After finishing my MA in Rhetoric, Composition, and Professional Communication at Iowa State University, I accepted an offer to stay on as a lecturer in the English department. As a lecturer, I enjoy the privileged ability to focus my efforts solely on teaching. This can be both a blessing and a curse; a blessing because of the opportunity to hone my pedagogical skills and methods, and a curse because I find myself pining for those graduate school discussions that were so stimulating that they gave me a headache. With that, it truly is a simpler life to just wear the instructor hat instead of juggling a second, student hat as well.
We, as veterans of the RCPC and RPC programs, have a unique blend of perspectives and experiences that fit nicely with the undergraduate curriculum at Iowa State University. From ISUComm Foundation courses to Advanced Communication courses, we have the background in audience, rhetorical modes of persuasion, writing genre, etc. to be able to approach these courses practically and emphatically. Accepting a lecturing position at Iowa State will likely land you a role teaching one or more of the courses in these curricula. Below I outline three things I wish I had known before becoming a lecturer.
First: You should expand your teaching repertoire early
While you’re still a graduate student, make time in your schedule to take English 504! We all took English 500, and learned the invaluable lessons from our mentors about teaching in higher education. So why on Earth would you skip out on an opportunity to work with another experienced mentor to explore and discuss the Advanced Communication courses that are in line with our area of expertise? I wish that I had the foresight to have taken English 504 while I was still in school. Don’t miss that opportunity!
Second: You must be flexible and helpful
One of the most important lessons that I’ve learned in my short time as a lecturer is that there is little room for schedule rigidity. Some weeks, you are absolutely swamped and feel like you’re drowning in 96 papers. Other times, you have little else to do besides course preparation. Flexibility is a key to lecturing. Your flexibility should also carry over into your willingness to help where needed. If you gain a reputation as someone others can turn to when the need arises, you will be rewarded.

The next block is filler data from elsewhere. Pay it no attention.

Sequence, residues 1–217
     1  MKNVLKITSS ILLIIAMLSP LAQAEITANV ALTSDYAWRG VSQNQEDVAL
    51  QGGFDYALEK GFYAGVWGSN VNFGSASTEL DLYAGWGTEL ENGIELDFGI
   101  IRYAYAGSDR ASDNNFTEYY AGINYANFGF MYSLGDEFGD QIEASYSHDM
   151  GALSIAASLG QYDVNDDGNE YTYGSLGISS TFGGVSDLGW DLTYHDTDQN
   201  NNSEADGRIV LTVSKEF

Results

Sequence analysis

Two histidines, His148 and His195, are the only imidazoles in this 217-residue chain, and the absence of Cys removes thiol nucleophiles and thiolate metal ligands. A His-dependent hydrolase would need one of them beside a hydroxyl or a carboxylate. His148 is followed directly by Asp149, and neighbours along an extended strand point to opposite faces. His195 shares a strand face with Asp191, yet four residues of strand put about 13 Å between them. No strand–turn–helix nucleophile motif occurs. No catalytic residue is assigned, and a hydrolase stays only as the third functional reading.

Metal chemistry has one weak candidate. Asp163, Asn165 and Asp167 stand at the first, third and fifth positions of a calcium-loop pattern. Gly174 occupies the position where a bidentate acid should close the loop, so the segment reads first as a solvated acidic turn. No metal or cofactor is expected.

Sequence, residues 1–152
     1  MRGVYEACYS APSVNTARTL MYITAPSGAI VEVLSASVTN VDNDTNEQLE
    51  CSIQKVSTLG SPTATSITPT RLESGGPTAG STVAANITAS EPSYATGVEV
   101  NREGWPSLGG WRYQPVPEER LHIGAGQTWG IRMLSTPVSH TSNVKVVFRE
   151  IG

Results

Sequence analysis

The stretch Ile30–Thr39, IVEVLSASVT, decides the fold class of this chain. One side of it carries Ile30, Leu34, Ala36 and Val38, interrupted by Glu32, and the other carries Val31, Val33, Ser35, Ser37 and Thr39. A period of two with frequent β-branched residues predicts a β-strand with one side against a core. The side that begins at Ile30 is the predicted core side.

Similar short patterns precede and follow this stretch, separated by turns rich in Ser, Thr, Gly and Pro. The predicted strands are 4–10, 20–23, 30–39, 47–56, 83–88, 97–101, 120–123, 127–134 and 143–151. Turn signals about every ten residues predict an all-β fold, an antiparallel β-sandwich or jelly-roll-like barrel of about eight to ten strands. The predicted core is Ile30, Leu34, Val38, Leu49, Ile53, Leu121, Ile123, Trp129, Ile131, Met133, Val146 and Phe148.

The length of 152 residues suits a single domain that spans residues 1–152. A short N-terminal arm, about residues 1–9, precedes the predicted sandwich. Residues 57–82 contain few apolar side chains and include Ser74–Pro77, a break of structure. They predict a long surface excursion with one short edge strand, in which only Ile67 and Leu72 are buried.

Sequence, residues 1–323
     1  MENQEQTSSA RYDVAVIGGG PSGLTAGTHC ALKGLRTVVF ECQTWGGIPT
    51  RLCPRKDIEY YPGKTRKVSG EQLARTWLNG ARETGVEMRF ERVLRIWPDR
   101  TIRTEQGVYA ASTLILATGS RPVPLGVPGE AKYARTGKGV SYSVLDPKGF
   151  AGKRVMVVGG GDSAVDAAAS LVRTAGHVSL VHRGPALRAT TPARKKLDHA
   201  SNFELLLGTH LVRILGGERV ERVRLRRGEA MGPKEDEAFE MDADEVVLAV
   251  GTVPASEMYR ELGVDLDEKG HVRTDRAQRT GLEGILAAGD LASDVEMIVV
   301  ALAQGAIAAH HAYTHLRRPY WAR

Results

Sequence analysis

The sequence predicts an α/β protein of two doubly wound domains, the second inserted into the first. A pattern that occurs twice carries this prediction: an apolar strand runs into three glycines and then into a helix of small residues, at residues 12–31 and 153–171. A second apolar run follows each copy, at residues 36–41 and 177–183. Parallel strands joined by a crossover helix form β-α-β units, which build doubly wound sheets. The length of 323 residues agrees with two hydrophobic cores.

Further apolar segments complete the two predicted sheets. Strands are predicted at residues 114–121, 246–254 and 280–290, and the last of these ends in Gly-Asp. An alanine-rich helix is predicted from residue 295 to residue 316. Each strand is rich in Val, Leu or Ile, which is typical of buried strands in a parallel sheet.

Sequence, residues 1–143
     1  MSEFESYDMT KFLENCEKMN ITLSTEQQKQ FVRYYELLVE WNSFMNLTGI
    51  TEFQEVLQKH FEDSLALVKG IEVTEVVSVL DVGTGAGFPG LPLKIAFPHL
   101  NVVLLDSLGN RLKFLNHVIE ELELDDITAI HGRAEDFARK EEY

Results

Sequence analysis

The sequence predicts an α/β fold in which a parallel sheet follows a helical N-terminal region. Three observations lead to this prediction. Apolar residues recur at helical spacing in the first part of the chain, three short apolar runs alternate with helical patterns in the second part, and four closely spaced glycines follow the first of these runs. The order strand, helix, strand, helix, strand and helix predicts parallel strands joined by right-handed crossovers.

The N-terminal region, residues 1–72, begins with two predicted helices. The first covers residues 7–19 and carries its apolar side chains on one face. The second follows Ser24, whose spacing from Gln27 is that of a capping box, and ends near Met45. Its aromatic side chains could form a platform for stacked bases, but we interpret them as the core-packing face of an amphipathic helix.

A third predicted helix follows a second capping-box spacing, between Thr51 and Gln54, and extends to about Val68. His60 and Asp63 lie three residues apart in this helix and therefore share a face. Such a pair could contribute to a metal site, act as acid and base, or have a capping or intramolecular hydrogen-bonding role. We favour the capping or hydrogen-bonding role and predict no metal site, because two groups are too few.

The week before the spring semester started, I received an email inquiring if I’d be willing to trade teaching schedules with another lecturer. The trade required that I give up three sections of English 302 and one section of English 150, in exchange for four sections of English 302. The trade also switched my schedule from MWF to TTH. Because I was flexible with my schedule and willing to help the department out of a dilemma, I undoubtedly got the better end of that deal.
Third: You need to be comfortable with uncertainty
The uncertainty of a lecturing position is the biggest downside. Unfortunately, lecturing positions are contract-based. (If you were unaware of that beforehand, I apologize for being the bearer of bad news.) Contract-based appointments basically mean that you might get an offer for just one semester with no guarantee that a second offer will be extended to you.
With the turbulent political climate and state budget modifications, a real possibility exists for lecturers that we won’t be asked back to teach. However, my advice to remain flexible and helpful whenever it is asked of you carries into this domain. That flexible and helpful reputation makes you memorable for good reasons to the people who really matter. Helpful ones usually stick around.
My original contract with the ISU English Department was for one semester, but half way through that semester, I received an offer to extend it for three additional semesters. Like I said, the helpful ones tend to stick around. I also know of several lecturers in the English Department lecturers with decades of experience, so don’t let the uncertainty of the position scare you away.
Lecturing is very rewarding if you are interested in teaching, or if you are on the fence about getting a PhD or entering industry. I hope the lessons I have relayed help you decide your future plans. Feel free to reach out to me via email (firstname.lastname@example.org) if you have any other questions about lecturing!
Best of luck!
Allison graduated from the RCPC program in 2016. She is currently a lecturer at Iowa State University. When she’s not grading or helping students produce their best writing, you can find her at home with her dog (Frankie) and husband (Brandon). Allison enjoys all things related to dogs, video games, and feminism.